So if the rank is an approximation that you aren’t qualified to evaluate, what really matters? The skills. Your personal toolkit. I’ve met no-gi competitors with a black belt level of grappling, but no formal belt level because they never trained in a gi. They built their skills and measured themselves against everyone without obtaining a single stripe. Some schools don’t give out any stripes, or sometimes promote a two stripe student up to the next level without warning. The jiu-jitsu world progresses just fine without any clear standards of when to promote because it all comes back to your skills and how you use them.
Also keep in mind that time erases differences. If you are a blue belt, and your buddy is a white belt, there’s a reasonable chance that when you are a black belt, they will be a brown belt. In other words, as time goes on, the differential between you and your regular training partners will shrink. If you and your teammate plan on doing jiu-jitsu for another 20 years, you’ll find that the stripe differential you are griping about today has no meaning. Time will heal your stripe wounds.
Ignore Everyone Else
If a stripe or a belt is handed out to someone that is truly not deserving, it has no reflection on the skills you are building. It is a reflection on the person giving out the promotions. It’s not your problem. If you are the one being promoted early or late, it’s still not your problem. Do you honestly care if you are a white belt but you are consistently tapping out purple belts? You may deserve a purple belt, and you might get banned from competing at your given belt level, but it’s the skills that do the talking, not the belt. Sit back and chill out because if your goal is black belt, you’ll eventually get it.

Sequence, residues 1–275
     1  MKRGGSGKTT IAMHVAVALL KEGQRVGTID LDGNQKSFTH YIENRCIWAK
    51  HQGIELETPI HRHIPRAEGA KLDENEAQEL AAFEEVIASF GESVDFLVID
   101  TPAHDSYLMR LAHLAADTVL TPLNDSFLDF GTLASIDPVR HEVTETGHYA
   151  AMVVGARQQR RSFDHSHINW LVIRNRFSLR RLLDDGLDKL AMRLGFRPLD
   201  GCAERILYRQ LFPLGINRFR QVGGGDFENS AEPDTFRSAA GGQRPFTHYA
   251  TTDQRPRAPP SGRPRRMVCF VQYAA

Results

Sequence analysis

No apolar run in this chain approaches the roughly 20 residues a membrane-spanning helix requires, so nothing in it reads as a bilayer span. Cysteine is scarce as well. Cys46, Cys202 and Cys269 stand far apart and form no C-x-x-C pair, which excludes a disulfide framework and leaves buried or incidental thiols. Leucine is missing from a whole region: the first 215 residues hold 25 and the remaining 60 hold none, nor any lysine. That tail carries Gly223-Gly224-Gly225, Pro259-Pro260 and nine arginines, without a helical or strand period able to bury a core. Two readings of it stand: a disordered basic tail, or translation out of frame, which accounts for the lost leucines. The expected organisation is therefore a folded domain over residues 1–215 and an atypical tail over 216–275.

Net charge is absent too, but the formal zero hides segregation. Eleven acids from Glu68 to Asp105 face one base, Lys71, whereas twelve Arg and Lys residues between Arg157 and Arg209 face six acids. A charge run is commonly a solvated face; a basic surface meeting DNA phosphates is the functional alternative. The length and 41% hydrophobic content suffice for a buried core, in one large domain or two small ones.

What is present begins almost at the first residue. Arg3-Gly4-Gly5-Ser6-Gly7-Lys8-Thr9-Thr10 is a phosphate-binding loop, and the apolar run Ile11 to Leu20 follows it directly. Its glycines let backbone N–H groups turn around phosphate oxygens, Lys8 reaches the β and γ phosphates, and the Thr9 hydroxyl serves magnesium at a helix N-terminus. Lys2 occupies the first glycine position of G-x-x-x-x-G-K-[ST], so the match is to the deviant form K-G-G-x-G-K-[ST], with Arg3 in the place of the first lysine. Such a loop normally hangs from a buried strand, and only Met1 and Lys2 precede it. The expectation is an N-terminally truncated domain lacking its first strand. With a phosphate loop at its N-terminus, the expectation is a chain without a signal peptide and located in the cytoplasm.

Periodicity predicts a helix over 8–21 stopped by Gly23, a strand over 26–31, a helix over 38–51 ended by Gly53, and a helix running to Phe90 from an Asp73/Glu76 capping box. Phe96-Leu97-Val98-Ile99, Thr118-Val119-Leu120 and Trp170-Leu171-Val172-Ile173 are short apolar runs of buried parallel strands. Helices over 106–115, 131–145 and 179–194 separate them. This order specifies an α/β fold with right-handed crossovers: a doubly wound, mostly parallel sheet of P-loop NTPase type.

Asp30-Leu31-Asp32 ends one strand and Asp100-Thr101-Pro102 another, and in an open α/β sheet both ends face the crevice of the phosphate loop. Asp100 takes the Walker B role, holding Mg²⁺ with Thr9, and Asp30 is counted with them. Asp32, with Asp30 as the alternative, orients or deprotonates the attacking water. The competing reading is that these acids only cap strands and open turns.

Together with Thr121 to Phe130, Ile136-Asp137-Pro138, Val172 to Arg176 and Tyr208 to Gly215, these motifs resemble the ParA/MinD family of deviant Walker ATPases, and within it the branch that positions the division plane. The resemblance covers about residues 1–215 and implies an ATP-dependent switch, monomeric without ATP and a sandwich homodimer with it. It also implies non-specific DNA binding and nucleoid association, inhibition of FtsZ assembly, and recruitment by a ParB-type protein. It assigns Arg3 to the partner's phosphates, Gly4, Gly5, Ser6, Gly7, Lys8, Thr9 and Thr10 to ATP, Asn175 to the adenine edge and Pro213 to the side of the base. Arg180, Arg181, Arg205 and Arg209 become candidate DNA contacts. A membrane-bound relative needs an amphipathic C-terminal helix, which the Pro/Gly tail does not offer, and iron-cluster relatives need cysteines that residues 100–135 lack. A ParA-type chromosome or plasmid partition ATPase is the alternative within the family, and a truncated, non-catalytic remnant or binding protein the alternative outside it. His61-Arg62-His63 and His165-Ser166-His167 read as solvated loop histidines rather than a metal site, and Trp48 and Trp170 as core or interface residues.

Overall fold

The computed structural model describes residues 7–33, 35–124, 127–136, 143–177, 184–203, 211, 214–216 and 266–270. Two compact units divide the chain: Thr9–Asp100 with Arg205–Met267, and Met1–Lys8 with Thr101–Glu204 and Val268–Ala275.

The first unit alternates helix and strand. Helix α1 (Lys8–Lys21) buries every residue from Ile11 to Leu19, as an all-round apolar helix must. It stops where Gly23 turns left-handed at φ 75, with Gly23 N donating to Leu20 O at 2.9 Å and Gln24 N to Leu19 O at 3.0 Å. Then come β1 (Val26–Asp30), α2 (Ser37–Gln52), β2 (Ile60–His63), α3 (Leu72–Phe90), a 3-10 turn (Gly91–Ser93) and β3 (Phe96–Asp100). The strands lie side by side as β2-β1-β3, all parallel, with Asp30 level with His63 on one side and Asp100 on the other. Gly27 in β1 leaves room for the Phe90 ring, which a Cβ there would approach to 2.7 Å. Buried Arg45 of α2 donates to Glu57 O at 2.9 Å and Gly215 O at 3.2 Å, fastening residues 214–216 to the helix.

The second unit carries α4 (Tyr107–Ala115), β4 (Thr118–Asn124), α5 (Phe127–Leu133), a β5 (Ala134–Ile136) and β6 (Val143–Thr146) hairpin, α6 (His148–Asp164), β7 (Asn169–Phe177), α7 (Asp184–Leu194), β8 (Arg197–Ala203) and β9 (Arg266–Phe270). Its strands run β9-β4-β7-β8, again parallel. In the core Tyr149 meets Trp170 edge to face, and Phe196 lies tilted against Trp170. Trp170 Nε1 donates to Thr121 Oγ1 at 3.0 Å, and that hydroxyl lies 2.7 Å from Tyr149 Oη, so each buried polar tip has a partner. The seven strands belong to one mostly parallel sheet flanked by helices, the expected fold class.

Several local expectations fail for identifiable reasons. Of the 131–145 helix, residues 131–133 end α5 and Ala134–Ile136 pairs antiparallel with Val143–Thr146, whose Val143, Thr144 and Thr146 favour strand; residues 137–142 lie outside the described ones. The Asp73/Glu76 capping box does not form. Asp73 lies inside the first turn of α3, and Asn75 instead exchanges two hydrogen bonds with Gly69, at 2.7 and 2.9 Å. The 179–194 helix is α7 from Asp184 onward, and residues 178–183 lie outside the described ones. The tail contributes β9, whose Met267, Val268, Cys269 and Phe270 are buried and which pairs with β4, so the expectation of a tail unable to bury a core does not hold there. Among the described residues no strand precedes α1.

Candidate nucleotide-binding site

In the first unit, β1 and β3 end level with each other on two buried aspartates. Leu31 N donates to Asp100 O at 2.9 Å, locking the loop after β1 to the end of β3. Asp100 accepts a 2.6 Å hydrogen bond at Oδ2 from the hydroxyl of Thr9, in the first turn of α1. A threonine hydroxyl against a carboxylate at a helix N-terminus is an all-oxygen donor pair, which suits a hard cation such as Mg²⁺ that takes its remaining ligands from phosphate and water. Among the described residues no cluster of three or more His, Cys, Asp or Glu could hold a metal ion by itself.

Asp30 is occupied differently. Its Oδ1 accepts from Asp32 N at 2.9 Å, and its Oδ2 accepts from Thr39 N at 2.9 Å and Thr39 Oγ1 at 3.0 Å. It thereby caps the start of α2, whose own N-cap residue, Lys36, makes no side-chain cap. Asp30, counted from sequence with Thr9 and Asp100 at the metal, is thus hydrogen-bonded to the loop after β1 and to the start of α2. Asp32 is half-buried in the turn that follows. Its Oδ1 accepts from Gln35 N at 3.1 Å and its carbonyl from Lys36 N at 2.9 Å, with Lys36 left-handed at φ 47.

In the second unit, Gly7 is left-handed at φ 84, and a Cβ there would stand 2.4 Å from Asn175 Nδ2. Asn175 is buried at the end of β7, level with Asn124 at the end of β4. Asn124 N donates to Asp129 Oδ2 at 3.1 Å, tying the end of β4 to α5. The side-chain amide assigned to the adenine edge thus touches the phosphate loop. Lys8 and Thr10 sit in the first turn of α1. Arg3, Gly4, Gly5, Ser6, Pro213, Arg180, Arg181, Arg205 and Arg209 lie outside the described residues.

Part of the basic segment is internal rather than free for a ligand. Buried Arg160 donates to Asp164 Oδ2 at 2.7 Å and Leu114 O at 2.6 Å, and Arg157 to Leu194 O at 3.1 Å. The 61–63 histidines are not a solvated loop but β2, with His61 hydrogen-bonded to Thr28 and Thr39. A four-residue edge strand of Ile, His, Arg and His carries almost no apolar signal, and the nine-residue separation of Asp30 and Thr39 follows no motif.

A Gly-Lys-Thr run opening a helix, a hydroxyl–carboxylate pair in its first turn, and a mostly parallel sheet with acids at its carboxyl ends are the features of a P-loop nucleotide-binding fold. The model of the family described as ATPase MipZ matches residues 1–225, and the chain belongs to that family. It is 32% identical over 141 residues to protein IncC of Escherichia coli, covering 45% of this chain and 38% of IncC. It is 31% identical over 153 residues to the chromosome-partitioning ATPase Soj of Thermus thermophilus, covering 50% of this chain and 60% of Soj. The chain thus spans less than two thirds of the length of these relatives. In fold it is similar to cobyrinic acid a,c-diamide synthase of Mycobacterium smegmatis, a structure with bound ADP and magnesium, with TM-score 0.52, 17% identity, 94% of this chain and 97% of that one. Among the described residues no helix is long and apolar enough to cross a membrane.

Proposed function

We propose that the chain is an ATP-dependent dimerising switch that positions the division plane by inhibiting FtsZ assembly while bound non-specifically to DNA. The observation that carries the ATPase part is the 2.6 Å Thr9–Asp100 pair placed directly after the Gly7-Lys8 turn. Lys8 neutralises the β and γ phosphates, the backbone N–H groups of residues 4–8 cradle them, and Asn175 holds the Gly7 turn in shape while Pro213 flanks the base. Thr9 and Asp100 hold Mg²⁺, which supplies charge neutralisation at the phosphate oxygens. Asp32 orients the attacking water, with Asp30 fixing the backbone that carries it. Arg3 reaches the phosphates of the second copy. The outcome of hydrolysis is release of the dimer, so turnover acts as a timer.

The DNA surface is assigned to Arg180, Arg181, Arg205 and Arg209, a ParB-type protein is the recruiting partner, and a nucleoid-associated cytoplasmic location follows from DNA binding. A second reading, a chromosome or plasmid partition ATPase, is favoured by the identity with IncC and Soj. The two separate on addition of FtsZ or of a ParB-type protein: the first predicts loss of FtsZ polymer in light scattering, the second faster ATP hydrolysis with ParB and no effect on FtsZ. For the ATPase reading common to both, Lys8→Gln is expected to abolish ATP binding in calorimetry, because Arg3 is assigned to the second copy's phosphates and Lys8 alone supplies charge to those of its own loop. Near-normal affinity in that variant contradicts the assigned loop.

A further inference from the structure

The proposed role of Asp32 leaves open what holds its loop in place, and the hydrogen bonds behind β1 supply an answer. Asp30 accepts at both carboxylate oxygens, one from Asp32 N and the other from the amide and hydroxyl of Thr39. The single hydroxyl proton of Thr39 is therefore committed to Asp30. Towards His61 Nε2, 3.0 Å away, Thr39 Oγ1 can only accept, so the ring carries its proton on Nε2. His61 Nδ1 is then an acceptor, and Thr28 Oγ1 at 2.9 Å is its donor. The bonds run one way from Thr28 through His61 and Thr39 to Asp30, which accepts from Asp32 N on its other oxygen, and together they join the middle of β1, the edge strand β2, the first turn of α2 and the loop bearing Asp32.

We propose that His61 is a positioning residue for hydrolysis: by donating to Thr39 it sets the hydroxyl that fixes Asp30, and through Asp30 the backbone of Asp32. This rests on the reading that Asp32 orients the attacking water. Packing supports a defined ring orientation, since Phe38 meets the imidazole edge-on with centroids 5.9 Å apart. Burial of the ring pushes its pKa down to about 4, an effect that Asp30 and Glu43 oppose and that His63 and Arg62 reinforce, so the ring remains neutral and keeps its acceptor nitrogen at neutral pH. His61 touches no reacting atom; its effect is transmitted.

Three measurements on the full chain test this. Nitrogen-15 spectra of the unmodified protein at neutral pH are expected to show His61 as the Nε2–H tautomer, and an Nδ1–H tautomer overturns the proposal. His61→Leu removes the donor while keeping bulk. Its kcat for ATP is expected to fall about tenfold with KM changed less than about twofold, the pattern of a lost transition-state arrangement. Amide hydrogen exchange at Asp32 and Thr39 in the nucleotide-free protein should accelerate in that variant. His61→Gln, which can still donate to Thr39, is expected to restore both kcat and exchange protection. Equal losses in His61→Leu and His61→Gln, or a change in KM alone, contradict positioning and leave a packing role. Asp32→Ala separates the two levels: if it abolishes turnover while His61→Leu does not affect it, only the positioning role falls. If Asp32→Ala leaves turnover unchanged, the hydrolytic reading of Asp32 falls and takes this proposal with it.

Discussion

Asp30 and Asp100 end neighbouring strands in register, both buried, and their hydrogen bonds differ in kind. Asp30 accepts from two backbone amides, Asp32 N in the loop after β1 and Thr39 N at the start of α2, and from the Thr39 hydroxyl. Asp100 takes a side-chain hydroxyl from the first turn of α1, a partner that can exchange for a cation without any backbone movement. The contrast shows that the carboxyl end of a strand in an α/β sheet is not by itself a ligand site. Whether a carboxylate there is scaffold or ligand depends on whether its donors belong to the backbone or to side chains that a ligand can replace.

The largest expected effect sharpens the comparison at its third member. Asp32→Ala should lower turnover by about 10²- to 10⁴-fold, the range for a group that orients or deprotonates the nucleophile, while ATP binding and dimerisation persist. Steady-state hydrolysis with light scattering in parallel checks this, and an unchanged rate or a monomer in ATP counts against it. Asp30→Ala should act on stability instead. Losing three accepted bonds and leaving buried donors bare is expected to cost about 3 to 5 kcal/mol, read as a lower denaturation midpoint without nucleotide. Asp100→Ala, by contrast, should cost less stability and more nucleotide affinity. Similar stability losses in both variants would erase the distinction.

If you think you were promoted early, consider doubling your efforts to get your perception to match your instructors. Test yourself against as many people as possible at your assigned level. Let your instructor know how you are doing against all these opponents you are supposed to be equal to. Even if your estimation of your own black belt may be delayed from the evaluation of your professor, the type of person that is capable of becoming a black belt is capable of developing into a fuller black belt.
If you do test yourself against your supposed peers and you consistently are unable to get anywhere with them, you might have to ask yourself if you are in a belt factory school. It might be time to find a different school. and get reranked by a better instructor.
If you think you are being promoted late, enjoy the stealth mode and shrug off the claims that you’re sandbagging. Take on the upper level players and force your instructors to notice your skills. Consistent success against fairly matched players speaks volumes. Just don’t be the 200 pound blue belt doing victory laps around the 120 pound purple belt you just muscled into submission.
If you are a purple belt, can you learn from a white belt? If you are a blue belt, can you teach a black belt? Can a blue belt submit a black belt in training? Can blue belts win against brown belts in competition? The answer to all these questions is an unequivocal yes. I’ve done each of them. An affirmative to each of these questions demonstrates a healthy and dynamic martial arts ecosystem, not a dysfunctional and chaotic ranking system. If you aren’t open to learning, teaching, or even competing across belt and stripe levels, you are artificially limiting yourself. Be respectful when teaching, receptive when learning, and ambitious when competing.
It Really Is The Journey
Getting a belt doesn’t mean you stop learning. Getting a stripe doesn’t magically imbue you with mystical powers to submit all those with less stripes. All of this takes years of effort and countless hours on the mat.
Jiu-jitsu is a uniquely individualized affair. An amazing array of body types can engage in training, and while the broad brush strokes may seem similar, the fine details of the jiu-jitsu painting differentiate between a world class practitioner at a given level and a recreational practitioner at that level. There is plenty of room for both.
Enjoy the journey. Stay healthy, train regularly, and be better than you were yesterday. If you can focus on that, what is tied around your waist won’t matter anymore, and you won’t care what is around anyone else’s waist either. Build skills, not belts.